Farm Science Synopsis

Buckeye Farm Beat

Enthusiasm was in the air at Farm Science Review.

Published on: September 27, 2011

Farm Science was a blur again this year -- from writing October copy while setting up the Ohio Farmer displays to honoring the Conservation Farm Families while proofing the magazine’s final pages all the while  saying, “Hello…” to so many friends from the farming community.

It was a fast three days.

The event left me with an overall impression of enthusiasm. Farmers were eager to see what new equipment was being offered, and sales people were excited by the farmer interest.

“We’re making sales,” one equipment representative told me.

“We need a few things,” a farmer friend confided.

“I smell $10,000 land prices and $7 corn again,” said Allan Lines OSU ag economist emeritus.

And then there was the wife with the blister on her heel who sat down in our building and declared, “This is just a big man mall. That’s what it is – a man mall.”

Couldn’t have said it better myself.

We also had a lady walk through the building and while snagging a free Ohio Farmer magazine she mumbled, “He has been talking to those same three guys for a half an hour now. We don’t even know them.”

HAPPY CROWD: Wyatt Nilsson is a Deere man in all ways. What’s not to like about spending at the man mall with Grandpa Lloyd Kramer and Mom Sara Nilsson from Maria Stein.

The Vice President’s luncheon for 650 ag leaders was on Tuesday. Pork chop sandwiches. Drumstick ice cream. The governor addressed the audience with much enthusiasm. “Gordon, you have got to stop exploiting the Little Sisters of the Poor,” he chided E. Gordon Gee, the university president. Then he turned serious saying, “There’s nobody like Gordon. He’s faced tragedy in his life. He’s a friend of mine and a great adviser. I like him, and you can’t help but like him. I wouldn’t trade any university president for Gordon Gee.”

It was a love fest.

Fit to be bow-tied, Gee, who was his usual lively self. He told about the emails he gets from students including one from Alex who revealed that he had come to Ohio State because it was No. 1 in everything only to be disappointed to learn that Ohio U. in Athens had been named the top party school in the nation. He wrote, “Don’t worry Dr. Gee once I arrive on campus, I will make it my personal mission to correct that.” Gee quickly wrote back, “Alex, we just discovered we have made a mistake with you application. Luckily I have contacted the folks at OU and they are saving a spot.”

FARMER LOVE: Governor John Kasich told the crowd, “I love farmers because they have common sense. They don’t make excuses. They get out in the field and work and if something’s broken, they fix it. It’s a value system.”

Gee called Kasich, “a great friend of higher education,” and “a creative, exciting, positive force.” He concluded, “Thank you governor for creating Jobs Ohio.”

I told you it was a love fest.

SOFT SELL: Ray Ray a one-year old llama from Green Acres Llamas owned by Gail and Doug Targett, toured the grounds. Probably thought she could get her picture in the Ohio Farmer.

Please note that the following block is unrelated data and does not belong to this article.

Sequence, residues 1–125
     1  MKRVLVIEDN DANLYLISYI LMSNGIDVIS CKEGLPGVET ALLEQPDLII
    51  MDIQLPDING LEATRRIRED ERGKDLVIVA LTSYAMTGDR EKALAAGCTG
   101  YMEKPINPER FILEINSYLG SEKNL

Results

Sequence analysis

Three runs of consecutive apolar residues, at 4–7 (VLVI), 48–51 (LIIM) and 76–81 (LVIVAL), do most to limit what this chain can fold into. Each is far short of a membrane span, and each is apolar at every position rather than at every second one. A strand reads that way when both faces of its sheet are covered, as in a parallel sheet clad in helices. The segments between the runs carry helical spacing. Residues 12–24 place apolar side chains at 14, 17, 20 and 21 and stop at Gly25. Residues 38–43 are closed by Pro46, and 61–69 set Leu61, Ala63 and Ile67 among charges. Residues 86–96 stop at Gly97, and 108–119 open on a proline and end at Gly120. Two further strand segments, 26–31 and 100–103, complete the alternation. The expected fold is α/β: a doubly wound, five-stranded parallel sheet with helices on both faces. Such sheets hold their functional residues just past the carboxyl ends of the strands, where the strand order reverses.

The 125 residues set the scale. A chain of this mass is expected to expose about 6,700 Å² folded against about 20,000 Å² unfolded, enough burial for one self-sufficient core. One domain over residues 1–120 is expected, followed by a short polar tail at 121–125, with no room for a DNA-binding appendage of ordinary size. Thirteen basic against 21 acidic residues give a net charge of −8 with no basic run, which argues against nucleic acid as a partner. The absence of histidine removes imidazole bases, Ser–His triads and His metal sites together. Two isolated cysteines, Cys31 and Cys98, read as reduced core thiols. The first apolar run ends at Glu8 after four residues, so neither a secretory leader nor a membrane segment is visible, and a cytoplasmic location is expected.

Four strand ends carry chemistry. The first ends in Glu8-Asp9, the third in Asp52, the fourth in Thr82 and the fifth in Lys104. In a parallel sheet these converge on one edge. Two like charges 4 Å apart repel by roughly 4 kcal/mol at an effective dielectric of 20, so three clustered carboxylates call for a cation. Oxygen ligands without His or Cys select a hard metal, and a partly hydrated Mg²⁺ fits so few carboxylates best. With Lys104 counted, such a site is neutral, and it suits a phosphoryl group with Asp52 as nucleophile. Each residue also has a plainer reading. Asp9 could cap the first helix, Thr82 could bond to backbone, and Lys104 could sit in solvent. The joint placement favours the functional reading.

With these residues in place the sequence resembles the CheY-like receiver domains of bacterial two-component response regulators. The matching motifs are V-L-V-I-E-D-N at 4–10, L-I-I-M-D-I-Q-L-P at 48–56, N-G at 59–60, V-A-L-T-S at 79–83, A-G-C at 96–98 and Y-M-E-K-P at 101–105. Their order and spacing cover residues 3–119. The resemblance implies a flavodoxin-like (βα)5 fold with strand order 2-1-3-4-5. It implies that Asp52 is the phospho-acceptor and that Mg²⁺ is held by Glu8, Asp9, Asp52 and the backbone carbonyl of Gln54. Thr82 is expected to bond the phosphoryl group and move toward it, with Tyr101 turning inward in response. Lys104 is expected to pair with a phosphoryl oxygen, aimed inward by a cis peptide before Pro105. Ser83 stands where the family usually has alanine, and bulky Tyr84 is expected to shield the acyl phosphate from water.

Keith Smith, director of OSU Extension, started things off by presenting the retiring dean Bobby Moser with a toy Gator. It was no match for the real 4-seat Gator the dean drove around the grounds. Smith noted that they were thinking about dedicating a building after Moser, but recalled what happened the last time they named a structure in his honor. On the screen behind him appeared a giant photo of the shredded Vice President’s Tent following the winds of Hurricane Ike in 2008.

MOSER SALUTE: E. Gordon Gee, OSU president, said, naming Bobby Moser dean of agriculture was “the best appointment I ever made.” It was also his first appointment at OSU 20 years ago. Moser recently announced he is retiring in a year.

Finally I want to thank everyone for coming to the Conservation Farm Family Awards on Thursday. The Larry G. Vance Soil and Water Conservation Park – from now on maybe we can just call it Vanceville – never looked better. It was a great day, a good crowd and dignitaries abounded. Terry Cosby, state conservationist for NRCS, addressed the group as did, Scott Zody, interim director of ODNR, Keith Stimpert, senior vice president for public affairs at the Ohio Farm Bureau, Ted Lozier, chief of the Division of Soil and Water Resources, and Kent Stuckey, president of the Ohio Federation of SWCDs. Special thanks also to organizer Blaine Gerdes, writer Gail Keck and ad man extraordinaire Tom Shearing for their help.

Again, congratulations to the conservation Farm Family Award winners, the Fair family, the Swope family, the Billenstein family, the Pence family and the Byars family. Look for extended coverage of their operations at Web Exclusives tab of

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  1. Anonymous says:

    Thanks Jackie. Ohio farmers are waiting to see what the harvest produces before they declare it to be a good year. Temperatures this weekend will flirt with freezing. A frost now would not be good. But so far they are pretty up beat. How are things in California. Tell us about your hay prices? tw

  2. Anonymous says:

    Dear Mr. White, What an upbeat positive article about the Farm Science and all the people there. The "Man Mall" sounds like an interesting place to be while wearing track shoes. It seems Ohio farmers are a wonderful solid community serving all of us so well in what they do. Congratulations to them and to you. Jackie Barton Herald, CA